After Lisa and Christian completed “4 Helens,” Lisa formed Me Do Productions, LLC, an independent film production company based in Massachusetts. She tackled her next script solo. “You Should Be So Lucky” was inspired by another amusing family scenario. At a family function, Lisa was sitting at a table with a variety of relatives including her very divorced parents. The quips and ripostes were flying at a breakneck pace. Lisa concluded that if she was ever forced to take in these very divorced parents as a result of unforeseen events, her worst nightmare would be realized. And so she set about writing the independent comedy feature “You Should Be So Lucky.” Since this script has a sitcom feel, Lisa is trying to raise the funds to digitally produce “You Should Be So Lucky.” Lisa has been raising funds offline but recently launched a campaign on Indiegogo here.  As it turns out, life is suddenly imitating art. If you watch the pitch video that Lisa made you will see that her worst nightmare is about to come true.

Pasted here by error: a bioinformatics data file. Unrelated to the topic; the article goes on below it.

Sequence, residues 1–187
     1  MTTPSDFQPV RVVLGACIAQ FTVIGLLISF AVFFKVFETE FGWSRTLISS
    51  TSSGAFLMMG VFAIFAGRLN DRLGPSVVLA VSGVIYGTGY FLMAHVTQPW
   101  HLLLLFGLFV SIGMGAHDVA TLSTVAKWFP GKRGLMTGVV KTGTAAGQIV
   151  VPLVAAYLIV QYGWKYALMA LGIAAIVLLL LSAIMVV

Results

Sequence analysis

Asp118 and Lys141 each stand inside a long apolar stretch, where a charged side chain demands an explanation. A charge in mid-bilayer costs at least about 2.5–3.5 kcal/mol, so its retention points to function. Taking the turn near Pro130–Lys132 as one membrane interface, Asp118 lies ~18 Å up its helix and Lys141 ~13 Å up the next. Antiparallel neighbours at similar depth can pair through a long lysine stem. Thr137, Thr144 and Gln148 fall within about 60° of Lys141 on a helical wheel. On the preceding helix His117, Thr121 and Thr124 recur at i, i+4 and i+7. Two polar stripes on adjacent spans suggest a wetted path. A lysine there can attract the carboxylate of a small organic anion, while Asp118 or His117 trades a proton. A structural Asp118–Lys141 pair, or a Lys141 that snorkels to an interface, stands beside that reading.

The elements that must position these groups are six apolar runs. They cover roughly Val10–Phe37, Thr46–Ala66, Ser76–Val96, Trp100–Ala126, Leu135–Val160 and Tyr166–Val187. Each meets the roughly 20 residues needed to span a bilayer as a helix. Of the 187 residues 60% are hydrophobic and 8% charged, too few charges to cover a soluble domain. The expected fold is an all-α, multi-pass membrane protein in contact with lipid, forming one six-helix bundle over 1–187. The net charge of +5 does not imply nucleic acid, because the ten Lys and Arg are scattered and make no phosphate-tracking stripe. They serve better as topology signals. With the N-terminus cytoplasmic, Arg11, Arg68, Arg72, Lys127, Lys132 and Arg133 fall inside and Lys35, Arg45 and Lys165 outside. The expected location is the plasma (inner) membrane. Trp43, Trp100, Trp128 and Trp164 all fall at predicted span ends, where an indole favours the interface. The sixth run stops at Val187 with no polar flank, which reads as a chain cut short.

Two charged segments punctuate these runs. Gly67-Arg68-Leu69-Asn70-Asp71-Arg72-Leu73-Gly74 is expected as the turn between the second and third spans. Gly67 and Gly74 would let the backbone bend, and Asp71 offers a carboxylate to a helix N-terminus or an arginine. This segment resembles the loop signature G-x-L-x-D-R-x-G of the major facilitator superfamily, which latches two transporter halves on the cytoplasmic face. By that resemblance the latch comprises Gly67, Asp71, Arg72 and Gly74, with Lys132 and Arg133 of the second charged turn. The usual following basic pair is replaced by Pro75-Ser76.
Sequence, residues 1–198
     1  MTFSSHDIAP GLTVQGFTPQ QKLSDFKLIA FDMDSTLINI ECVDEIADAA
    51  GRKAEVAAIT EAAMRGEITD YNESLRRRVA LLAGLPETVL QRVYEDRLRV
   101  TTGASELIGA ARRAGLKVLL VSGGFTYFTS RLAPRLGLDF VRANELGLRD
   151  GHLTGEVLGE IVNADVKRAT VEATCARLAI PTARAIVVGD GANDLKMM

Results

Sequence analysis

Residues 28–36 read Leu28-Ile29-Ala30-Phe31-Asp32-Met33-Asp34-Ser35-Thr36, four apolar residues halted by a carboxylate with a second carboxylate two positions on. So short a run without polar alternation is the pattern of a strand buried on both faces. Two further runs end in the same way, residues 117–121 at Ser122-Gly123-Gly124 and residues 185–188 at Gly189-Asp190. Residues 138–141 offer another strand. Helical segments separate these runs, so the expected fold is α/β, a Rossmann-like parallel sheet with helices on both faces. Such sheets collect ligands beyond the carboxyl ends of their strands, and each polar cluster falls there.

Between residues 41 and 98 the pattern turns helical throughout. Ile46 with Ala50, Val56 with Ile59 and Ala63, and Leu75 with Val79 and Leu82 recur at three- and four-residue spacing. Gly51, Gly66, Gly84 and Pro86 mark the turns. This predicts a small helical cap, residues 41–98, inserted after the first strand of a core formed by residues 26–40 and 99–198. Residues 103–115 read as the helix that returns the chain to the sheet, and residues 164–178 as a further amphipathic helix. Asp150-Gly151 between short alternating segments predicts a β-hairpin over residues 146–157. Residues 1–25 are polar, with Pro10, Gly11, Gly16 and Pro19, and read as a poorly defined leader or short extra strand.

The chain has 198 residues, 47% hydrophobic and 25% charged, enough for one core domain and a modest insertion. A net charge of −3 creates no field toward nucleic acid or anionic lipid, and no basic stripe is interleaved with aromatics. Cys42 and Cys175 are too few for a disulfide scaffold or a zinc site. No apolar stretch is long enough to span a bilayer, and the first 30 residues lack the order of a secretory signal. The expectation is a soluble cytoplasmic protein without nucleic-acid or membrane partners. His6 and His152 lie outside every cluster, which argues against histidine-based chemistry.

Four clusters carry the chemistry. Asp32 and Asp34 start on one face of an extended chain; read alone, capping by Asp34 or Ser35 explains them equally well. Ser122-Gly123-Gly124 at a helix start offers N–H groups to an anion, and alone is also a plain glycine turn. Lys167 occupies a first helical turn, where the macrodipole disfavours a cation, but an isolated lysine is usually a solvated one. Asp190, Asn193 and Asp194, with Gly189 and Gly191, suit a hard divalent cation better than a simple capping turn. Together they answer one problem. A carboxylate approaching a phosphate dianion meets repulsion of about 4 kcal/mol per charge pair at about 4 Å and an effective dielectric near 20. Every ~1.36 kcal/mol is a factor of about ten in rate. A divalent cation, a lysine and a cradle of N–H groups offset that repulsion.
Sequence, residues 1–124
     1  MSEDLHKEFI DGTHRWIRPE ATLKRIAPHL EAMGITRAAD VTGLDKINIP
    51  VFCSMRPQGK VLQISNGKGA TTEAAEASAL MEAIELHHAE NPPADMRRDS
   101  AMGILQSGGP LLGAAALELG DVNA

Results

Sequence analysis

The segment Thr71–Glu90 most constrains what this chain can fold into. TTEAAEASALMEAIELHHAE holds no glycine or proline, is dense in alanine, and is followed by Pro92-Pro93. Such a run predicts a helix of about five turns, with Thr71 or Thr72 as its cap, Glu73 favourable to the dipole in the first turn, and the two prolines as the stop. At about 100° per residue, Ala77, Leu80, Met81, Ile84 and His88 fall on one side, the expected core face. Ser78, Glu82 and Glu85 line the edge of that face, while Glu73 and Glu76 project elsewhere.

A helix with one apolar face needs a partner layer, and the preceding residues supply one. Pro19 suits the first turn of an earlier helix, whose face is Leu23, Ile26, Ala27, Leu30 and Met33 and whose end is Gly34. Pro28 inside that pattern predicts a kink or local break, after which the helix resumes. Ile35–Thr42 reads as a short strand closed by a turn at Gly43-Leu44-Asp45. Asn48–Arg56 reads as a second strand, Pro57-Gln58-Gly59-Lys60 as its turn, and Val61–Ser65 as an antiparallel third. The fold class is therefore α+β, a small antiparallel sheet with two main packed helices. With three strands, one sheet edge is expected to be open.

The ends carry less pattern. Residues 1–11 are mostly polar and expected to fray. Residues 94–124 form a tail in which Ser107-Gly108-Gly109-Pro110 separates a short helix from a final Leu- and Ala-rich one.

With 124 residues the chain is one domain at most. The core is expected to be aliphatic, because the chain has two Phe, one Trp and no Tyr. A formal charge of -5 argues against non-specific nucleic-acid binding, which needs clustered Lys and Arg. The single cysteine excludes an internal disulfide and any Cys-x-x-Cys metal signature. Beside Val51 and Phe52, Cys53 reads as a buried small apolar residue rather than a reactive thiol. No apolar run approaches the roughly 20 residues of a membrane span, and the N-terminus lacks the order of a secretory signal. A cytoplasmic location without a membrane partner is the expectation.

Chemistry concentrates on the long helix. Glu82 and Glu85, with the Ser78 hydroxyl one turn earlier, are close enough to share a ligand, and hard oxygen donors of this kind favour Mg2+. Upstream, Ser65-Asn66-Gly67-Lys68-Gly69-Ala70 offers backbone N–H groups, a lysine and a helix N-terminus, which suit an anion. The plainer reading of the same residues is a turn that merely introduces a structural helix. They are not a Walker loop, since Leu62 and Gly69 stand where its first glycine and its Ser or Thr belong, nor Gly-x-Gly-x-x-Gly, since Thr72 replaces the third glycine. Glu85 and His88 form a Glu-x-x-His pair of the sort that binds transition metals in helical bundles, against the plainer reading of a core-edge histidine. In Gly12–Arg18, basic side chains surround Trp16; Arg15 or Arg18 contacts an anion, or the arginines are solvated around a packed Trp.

Through her myriad adventures and experiences Lisa has learned quite a bit
and often thinks on these things:

1-  On writing: When you come up against a block, pay close attention to it.
Sometimes you get stuck but you may just be having one of those days when
you’re not feeling well, or you’re distracted by something, or you’re preoccupied because your neurotic Greyhound is being particularly needy.
Walk away from the idea and only come back to it when you’re absolutely
ready. You can take another stab at it or approach it with a fresh perspective. If you’ve exhausted every angle and it’s still not working, let it go. It usually means that it doesn’t belong in your story, it just doesn’t fit. Reboot, and try something different. There’s no sense in beating a dead horse.

2- On producing, directing, and working with other creatives: Lisa wrote a
blog called “Stories from Studio B”, about her experiences as a music